April 2008: Millstone quarries at Hyllestad, western Norway
This month we display a quarry landscape outside the project region, in the home ground of the coordinator. From the Roman Period until the early 20th century, production of rotating millstones left behind huge quarry landscapes all over Europe. In Norway, the preferred rock for millstones was mica schist containing grains of garnet or staurolite. This bimodal distribution between hard and soft minerals proved ideal for the purpose of grinding. The Hyllestad quarry landscape is one of the largest and most long-lived quarry sites in the country, displaying more or less continuous production from the Pre-Viking Period until the last millstone was quarried in 1929. During the Viking Period and the Middle ages, the millstones were carved directly from the bedrock, leaving behind circular “negatives” on the quarry floors. Later on, the extraction techniques changed towards blasting with black powder, after this was introduced in the Norwegian mining sector.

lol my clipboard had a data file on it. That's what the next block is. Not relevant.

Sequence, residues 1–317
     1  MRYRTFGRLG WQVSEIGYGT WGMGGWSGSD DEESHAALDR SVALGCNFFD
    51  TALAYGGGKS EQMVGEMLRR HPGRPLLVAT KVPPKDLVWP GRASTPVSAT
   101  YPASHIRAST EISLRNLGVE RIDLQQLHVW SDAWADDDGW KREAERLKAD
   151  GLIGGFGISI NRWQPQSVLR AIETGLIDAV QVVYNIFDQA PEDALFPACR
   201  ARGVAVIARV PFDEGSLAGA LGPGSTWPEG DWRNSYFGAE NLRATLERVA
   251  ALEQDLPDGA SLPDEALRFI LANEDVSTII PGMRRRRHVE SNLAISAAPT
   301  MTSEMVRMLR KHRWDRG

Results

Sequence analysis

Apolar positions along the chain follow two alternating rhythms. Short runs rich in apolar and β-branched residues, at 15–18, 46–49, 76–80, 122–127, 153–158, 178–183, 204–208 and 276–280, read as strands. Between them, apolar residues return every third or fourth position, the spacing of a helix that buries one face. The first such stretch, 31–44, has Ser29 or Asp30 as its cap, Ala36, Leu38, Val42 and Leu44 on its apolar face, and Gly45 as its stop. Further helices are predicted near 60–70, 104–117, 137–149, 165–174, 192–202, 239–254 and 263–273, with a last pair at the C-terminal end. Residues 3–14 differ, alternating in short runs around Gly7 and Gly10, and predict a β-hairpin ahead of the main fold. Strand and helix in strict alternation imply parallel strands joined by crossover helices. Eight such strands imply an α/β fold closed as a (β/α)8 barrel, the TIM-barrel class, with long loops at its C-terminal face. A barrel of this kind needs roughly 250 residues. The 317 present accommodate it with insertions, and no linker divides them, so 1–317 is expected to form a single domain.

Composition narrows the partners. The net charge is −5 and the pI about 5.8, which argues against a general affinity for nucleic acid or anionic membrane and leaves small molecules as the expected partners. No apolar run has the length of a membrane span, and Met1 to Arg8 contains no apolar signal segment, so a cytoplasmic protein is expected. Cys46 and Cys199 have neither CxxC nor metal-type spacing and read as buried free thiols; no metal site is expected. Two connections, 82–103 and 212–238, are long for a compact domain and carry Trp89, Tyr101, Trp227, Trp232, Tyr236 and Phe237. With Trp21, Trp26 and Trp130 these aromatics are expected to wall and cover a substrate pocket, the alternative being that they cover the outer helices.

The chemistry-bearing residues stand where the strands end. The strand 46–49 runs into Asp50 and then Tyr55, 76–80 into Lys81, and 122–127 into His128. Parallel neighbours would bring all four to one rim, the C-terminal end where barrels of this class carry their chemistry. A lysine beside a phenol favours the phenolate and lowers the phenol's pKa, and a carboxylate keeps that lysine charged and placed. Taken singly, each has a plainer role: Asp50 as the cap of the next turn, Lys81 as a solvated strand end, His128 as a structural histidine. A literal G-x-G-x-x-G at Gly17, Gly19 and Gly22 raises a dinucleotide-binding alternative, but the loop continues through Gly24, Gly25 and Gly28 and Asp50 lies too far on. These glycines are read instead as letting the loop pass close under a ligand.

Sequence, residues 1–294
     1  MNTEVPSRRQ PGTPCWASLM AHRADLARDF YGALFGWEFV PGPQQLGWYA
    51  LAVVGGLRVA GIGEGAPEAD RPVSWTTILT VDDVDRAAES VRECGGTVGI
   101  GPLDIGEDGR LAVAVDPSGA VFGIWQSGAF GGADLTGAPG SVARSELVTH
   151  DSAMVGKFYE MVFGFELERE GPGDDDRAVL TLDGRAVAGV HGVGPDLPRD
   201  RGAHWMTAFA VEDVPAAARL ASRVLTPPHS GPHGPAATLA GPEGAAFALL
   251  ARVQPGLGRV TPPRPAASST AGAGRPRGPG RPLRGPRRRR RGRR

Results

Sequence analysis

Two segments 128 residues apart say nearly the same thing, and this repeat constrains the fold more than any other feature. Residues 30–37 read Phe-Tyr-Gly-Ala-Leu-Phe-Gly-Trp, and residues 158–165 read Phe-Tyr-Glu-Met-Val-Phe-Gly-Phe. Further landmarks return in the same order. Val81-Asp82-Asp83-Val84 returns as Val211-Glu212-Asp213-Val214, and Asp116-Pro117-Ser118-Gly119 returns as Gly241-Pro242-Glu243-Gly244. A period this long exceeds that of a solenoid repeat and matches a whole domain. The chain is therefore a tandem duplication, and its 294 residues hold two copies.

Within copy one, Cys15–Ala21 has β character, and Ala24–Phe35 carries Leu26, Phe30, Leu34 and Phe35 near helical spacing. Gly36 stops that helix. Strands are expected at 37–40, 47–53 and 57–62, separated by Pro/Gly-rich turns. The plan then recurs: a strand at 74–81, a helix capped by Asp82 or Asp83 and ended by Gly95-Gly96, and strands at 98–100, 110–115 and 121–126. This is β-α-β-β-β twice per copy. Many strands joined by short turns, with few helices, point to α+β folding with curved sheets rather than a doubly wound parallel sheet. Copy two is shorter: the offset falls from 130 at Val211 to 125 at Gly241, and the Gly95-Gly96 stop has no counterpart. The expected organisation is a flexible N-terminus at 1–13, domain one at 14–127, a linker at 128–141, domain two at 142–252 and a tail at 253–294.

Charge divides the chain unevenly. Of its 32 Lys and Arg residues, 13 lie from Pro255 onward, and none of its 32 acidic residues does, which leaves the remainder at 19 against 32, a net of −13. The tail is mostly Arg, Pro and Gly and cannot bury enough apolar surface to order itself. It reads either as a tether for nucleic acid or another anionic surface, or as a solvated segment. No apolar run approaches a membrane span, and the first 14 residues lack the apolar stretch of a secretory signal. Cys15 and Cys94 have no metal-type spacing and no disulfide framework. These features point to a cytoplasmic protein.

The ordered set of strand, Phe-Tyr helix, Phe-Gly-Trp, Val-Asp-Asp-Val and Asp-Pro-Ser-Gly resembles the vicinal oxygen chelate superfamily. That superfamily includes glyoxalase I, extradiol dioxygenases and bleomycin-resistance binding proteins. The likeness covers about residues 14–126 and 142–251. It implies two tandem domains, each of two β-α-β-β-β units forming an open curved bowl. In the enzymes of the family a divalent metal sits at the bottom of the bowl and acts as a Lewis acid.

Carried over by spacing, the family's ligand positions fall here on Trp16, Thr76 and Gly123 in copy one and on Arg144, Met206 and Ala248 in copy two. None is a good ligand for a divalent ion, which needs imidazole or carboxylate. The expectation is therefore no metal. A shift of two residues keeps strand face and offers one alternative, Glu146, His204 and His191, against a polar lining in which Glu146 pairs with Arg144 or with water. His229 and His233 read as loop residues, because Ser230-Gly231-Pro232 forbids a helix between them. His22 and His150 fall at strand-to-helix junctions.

Today, the Hyllestad quarry landscape remains as a well preserved testimony of quarrying through history. In addition to the many hundred quarries, there are also remnants of roads and harbors, from which the millstones were shipped. As Early as the Viking Period, millstones from Hyllestad were distributed also outside Norway, and in the Early Medieval Period they constituted a major part of millstones used in parts of Southern Sweden and Denmark.
The Hyllestad quarry landscape is easily accessible for the interested traveler, thanks to the municipality and enthusiasts in the local community. There is an outside museum containing several of the most interesting quarries, and in the summer time one can grind grains on handmills in a medieval camp just beside the museum.